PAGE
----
Duqu, the successor to the Stuxnet worm, has attacked targets in Iran, according to an announcement by the head of Iran's civil defence organization, Gholam-Reza Jalali.
Keen to avoid the problems it had with the original Stuxnet worm, which attacked systems at an Iranian nuclear power station back in 2010, Iran has been jumping on the Duqu infection privately and in the media.
"We are in the initial phase of fighting the Duqu virus," Jalali told news agency Reuters. "The final report which says which organisations the virus has spread to and what its impacts are has not been completed yet."
Duqu was first detected by security outfit Symantec in October, which noticed the coding similarities to Stuxnet. While initially thought to be the offspring of the worm, Duqu now looks as if it could in fact be older than the earlier infection. A driver loaded by the exploit had a compilation date of August 31st 2007, hinting that the malware could have been worked on for at least four years.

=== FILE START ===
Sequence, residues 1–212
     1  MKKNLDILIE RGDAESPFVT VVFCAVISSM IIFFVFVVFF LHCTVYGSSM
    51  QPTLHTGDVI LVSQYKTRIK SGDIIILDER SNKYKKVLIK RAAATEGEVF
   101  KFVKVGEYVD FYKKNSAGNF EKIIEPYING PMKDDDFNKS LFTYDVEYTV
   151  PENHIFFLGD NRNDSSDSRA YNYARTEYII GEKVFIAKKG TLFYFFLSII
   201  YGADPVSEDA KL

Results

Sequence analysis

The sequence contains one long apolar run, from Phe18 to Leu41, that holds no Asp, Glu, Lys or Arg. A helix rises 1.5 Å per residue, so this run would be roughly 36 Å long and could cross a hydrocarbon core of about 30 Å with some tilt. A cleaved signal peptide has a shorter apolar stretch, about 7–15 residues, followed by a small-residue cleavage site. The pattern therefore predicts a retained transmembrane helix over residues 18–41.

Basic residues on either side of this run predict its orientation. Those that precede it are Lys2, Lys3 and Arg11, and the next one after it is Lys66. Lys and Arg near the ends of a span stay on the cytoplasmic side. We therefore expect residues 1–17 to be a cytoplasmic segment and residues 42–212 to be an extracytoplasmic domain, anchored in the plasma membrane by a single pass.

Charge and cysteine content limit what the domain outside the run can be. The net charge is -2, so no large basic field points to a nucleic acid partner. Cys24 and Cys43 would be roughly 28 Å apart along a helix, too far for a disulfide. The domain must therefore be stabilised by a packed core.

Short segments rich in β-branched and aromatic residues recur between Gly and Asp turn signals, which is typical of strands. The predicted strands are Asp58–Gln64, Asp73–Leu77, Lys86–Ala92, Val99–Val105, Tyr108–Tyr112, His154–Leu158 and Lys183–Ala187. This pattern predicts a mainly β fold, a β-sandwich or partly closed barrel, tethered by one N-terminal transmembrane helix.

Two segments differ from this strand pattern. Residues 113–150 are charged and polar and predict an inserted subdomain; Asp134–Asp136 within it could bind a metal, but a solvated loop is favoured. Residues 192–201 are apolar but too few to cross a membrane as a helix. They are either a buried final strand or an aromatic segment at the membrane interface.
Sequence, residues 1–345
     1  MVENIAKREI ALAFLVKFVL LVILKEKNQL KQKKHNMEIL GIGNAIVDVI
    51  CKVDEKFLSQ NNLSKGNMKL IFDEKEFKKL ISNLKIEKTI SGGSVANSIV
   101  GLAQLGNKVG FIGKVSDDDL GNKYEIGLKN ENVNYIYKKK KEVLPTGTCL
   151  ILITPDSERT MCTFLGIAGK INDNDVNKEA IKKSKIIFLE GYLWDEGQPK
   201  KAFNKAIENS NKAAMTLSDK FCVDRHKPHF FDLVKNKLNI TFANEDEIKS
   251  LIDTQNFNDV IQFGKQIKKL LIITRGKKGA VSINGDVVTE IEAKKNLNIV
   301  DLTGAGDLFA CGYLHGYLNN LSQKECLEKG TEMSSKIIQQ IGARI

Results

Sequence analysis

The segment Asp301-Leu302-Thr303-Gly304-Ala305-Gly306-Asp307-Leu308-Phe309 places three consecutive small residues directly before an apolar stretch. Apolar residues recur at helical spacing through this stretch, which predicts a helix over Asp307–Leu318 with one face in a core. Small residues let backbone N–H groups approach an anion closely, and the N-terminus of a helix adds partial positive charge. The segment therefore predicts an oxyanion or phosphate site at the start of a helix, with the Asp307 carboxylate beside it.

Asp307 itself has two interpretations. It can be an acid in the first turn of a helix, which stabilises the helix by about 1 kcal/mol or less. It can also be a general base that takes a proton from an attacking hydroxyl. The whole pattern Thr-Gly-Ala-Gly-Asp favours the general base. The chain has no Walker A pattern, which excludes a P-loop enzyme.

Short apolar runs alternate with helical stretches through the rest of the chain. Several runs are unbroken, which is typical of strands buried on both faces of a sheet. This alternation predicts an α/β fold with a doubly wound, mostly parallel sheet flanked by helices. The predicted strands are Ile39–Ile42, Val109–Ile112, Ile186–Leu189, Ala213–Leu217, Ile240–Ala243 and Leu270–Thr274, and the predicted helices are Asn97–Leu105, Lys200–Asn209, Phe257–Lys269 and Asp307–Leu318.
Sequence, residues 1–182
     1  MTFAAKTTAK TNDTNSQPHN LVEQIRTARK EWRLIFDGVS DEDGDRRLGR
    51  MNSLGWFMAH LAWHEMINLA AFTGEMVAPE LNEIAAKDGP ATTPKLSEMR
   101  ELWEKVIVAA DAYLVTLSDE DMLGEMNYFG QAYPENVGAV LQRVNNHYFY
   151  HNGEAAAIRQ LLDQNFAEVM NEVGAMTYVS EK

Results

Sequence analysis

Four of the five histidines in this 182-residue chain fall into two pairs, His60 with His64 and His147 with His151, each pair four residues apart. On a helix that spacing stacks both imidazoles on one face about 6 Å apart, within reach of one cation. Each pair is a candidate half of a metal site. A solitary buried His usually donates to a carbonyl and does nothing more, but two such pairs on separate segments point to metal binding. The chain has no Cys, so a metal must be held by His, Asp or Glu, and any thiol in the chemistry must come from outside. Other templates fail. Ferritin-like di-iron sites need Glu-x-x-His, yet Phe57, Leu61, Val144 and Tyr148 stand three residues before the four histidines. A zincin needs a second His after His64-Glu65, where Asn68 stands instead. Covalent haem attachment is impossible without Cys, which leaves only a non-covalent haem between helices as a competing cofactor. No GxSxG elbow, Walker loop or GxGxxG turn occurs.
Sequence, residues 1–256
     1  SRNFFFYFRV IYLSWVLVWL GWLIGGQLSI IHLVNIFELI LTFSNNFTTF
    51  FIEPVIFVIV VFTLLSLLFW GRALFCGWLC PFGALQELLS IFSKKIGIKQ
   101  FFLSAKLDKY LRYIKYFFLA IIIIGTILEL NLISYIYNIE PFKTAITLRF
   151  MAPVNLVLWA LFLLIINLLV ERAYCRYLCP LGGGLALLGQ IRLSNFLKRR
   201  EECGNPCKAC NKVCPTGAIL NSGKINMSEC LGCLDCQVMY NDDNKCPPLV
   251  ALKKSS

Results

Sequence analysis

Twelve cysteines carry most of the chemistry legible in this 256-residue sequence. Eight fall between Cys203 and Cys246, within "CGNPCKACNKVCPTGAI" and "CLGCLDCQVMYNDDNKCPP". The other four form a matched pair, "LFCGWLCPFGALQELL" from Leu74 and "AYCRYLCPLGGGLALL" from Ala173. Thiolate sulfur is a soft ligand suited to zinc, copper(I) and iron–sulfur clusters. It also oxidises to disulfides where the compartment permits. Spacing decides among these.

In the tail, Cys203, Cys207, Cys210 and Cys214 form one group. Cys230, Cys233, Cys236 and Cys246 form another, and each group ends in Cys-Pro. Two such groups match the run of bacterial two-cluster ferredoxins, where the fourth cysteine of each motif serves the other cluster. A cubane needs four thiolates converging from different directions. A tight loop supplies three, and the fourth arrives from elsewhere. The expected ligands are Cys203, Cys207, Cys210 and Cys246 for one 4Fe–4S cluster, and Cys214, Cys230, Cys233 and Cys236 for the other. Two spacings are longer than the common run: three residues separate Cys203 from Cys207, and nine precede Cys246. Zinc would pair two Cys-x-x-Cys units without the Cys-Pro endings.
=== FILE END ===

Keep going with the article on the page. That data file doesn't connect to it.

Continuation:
Symantec also believes that Duqu would be a precursor to another Stuxnet-like attack, as it appears more bent on gathering data infection than anything else.
For those worried that they might be infected with the Duqu worm, fortunately the Budapest based Laboratory of Cryptography and System Security (CRYSYS) has released a detection tool that purportedly uses simple techniques "to find Duqu infections on a computer or in a whole network".
While CRYSYS does recommend that a security professional handles the search for signs of Duqu, the tool does give anyone a chance to check themselves for signs of the worm. The four executables in the download search for different types of infections and users are advised to follow up on any files that are flagged as suspicious.